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Target Oncol. 2016 Dec;11(6):815-824.

Patient-Reported Outcomes and Quality of Life with Sunitinib Versus Placebo for Pancreatic Neuroendocrine Tumors: Results From an International Phase III Trial.

Author information

1
Strelitz Diabetes Research Center and Neuroendocrine Unit, Eastern Virginia Medical School, Strelitz Diabetes Center, Norfolk, VA, USA. vinikai@evms.edu.
2
Quality of Life Department, European Organization for Research and Treatment of Cancer, Brussels, Belgium.
3
Pfizer Inc, New York, NY, USA.
4
Seoul National University College of Medicine, Seoul, Korea.
5
Paoli-Calmettes Institute, Marseille, France.
6
The University of Manchester/The Christie NHS Foundation Trust, Manchester, UK.
7
McGill University Hospital Center, Montreal, Canada.
8
Bad Berka Central Clinic, Bad Berka, Germany.
9
Pfizer Oncology, La Jolla, CA, USA.
10
Hôpital Beaujon, Clichy, France.

Abstract

OBJECTIVE:

The objective of this analysis was to compare patient-reported outcomes and health-related quality of life (HRQoL) in a pivotal phase III trial of sunitinib versus placebo in patients with progressive, well-differentiated pancreatic neuroendocrine tumors (NCT00428597).

PATIENTS AND METHODS:

Patients received sunitinib 37.5 mg (n = 86) or placebo (n = 85) on a continuous daily-dosing schedule until disease progression, unacceptable adverse events (AEs), or death. Patients completed the European Organization for Research and Treatment of Cancer Quality of Life Questionnaire-Core 30 at baseline, Day 1 of every 4-week cycle, and end of treatment or withdrawal. Changes ≥10 points on each scale or item were deemed clinically meaningful.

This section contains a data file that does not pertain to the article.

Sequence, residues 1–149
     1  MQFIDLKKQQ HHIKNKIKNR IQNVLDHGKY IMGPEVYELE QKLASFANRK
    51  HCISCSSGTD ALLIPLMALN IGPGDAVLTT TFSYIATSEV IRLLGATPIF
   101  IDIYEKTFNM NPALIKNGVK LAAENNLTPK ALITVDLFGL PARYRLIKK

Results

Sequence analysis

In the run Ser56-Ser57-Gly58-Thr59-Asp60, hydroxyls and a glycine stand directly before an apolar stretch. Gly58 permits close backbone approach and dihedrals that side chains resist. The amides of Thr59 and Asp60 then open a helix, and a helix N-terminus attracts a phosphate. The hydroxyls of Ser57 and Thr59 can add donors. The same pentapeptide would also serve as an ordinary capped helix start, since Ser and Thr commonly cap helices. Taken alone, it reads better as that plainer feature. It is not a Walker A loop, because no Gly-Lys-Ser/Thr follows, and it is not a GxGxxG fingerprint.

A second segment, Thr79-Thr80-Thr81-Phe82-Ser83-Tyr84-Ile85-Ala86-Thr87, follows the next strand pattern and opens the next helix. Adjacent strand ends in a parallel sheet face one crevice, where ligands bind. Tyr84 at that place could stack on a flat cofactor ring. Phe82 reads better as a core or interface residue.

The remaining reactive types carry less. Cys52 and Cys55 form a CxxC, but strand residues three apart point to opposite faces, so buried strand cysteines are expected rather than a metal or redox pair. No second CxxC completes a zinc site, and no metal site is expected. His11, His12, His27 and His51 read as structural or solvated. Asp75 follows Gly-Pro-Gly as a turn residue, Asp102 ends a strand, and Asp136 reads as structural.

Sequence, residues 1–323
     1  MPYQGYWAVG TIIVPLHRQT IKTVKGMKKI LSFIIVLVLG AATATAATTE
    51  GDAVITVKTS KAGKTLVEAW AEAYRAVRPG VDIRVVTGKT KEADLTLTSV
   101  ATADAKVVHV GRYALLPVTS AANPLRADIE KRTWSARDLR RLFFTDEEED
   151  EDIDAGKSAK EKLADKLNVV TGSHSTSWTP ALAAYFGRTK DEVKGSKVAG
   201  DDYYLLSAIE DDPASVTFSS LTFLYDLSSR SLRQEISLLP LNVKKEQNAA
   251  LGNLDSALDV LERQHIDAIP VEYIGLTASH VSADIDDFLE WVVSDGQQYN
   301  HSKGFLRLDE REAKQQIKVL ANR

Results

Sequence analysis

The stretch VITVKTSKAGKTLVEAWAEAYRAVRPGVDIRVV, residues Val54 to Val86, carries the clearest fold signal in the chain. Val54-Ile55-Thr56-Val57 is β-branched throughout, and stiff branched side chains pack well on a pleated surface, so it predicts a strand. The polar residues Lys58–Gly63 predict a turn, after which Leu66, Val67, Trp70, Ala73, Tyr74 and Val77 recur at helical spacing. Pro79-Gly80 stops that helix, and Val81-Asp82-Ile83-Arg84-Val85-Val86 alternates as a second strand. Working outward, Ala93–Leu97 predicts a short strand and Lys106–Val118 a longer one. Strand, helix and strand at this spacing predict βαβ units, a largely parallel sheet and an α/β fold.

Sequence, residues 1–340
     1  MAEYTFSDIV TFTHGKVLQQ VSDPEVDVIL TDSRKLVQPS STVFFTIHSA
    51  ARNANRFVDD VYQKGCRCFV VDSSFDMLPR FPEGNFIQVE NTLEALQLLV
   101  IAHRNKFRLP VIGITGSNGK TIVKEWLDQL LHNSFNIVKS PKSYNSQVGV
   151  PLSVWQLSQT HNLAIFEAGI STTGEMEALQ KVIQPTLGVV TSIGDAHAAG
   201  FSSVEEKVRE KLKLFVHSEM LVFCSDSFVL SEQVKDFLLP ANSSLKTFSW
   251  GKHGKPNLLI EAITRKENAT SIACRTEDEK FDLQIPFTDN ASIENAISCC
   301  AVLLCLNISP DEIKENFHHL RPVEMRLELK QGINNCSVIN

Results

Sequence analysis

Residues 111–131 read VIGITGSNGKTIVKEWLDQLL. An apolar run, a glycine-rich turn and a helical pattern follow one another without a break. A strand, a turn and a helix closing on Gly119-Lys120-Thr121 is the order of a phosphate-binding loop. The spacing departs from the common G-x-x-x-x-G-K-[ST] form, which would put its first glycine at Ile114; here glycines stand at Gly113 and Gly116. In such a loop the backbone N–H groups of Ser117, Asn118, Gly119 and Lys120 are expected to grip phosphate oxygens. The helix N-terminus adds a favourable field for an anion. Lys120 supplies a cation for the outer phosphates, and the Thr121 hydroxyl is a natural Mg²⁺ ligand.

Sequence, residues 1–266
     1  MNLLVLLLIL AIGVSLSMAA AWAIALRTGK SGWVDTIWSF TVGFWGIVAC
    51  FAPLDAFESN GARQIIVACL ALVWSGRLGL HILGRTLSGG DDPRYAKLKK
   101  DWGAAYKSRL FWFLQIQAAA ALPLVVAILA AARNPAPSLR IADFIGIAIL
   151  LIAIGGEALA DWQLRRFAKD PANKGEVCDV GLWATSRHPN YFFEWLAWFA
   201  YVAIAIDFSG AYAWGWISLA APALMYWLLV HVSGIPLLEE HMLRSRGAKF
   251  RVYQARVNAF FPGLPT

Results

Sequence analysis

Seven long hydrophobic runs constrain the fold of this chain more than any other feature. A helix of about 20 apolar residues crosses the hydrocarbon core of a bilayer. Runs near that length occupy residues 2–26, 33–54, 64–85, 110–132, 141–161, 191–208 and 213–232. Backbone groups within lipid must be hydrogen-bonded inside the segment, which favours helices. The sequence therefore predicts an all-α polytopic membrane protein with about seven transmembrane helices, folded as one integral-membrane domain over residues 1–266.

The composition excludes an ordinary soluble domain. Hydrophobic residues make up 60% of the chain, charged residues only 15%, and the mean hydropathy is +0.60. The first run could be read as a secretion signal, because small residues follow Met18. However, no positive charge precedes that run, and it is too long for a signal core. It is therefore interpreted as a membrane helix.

RESULTS:

Sunitinib had anti-tumor effects and improved progression-free survival (PFS) compared with placebo. The study was terminated early for this reason and because of more serious AEs and deaths with placebo. Baseline HRQoL scores were well balanced between study arms, and were generally maintained over time in both groups. In the first 10 cycles, there were no significant differences between groups in global HRQoL, cognitive, emotional, physical, role, and social functioning domains, or symptom scales, except for worsening diarrhea with sunitinib (p < 0.0001 vs. placebo). Insomnia also worsened with sunitinib (p = 0.0372 vs. placebo), but the difference was not clinically meaningful.

CONCLUSION:

With the exception of diarrhea (a recognized side effect), sunitinib had no impact on global HRQoL, functional domains, or symptom scales during the progression-free period. Hence, in patients with pancreatic neuroendocrine tumors, sunitinib provided a benefit in PFS without adversely affecting HRQoL.

PMID:
27924459
DOI:
10.1007/s11523-016-0462-5
[Indexed for MEDLINE]

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